Wednesday, January 6, 2010


A varnish is an unpigmented colloidal dispersion or solution of synthetic and/or natural resins to oils and/or thinners used as a protective and/or decorative coating for various surface and which dries by evaportion, oxidation, and polymerization of portions of its constituents. Not being pigmented varnishes are less resistant to damage by light than paints, enamels, and pigmented lacquers. They furnish, however, a transparant film, which accentuates the texture of the surface coated. Varnishes are frequently oleoreinous; there are two minor classes, spirit varnishes and japans. Oleoresinous varnishes are solutions of one more natural or synthetic resins in a drying oil and a volatile solvent.

The oil reduces the natural brittleness of the pure resin film. Spirit varnishes are solutions of resins, but the solvent is completely volatile and nonfilm forming. Oleoresinous varnishes were formaly of major importance, but alkyd and urethane varnishes have largely replaced them because of greater durability, less yellowing, ease of application, and beauty. Pressure to reduce the amount of air-polutting solvent in varnishes and paints, coupled with the desire for water cleanup of tools and spills, has led to the development of water thinned varnishes.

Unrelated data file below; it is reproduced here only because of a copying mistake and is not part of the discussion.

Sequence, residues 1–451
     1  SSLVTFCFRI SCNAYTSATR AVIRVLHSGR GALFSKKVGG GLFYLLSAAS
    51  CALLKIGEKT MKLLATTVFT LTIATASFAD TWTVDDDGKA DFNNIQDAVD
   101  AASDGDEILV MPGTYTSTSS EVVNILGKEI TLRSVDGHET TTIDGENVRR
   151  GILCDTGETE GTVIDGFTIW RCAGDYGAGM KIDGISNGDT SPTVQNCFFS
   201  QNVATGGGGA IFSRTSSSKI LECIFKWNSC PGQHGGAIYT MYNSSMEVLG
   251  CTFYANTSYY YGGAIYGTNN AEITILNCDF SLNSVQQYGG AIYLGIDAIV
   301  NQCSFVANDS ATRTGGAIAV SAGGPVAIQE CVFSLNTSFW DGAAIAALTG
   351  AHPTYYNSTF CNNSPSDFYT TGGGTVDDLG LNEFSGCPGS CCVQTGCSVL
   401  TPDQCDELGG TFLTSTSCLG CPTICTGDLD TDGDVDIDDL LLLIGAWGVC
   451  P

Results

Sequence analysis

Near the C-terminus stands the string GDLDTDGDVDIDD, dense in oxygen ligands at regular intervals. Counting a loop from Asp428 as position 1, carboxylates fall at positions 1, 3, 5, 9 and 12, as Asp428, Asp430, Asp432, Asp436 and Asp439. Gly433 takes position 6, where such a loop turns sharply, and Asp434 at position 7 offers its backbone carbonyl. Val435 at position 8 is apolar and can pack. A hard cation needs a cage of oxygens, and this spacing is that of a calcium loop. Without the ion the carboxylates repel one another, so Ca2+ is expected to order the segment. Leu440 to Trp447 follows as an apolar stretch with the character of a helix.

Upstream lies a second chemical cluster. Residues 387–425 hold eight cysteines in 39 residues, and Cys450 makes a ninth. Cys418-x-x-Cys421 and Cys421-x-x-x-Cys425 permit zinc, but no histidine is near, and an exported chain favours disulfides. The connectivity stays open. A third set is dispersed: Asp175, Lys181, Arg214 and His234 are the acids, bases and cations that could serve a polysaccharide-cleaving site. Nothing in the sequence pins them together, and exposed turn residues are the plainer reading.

Spirit resin varnishes are solution of resins in volatile solvents only, such as methanol, alcohol, hydrocarbons, ketones, and the like. Spirit varnishes dry most rapidly but are likely to be brittle and eventually crack and peel off unless suitable plasticizers are added. The preparation of these products involves active stirring and sometimes heating, to bring about the desired solution. An important example of a spirit varnish is shellac or a solution of the resin shellac in methanol or alcohol. Japans are rarely used now. They are opaque varnishes to which asphalt or some similar material has been added for color and luster. They may be subdivided into baking, semibaking, and air-drying japans, according to their method of application.

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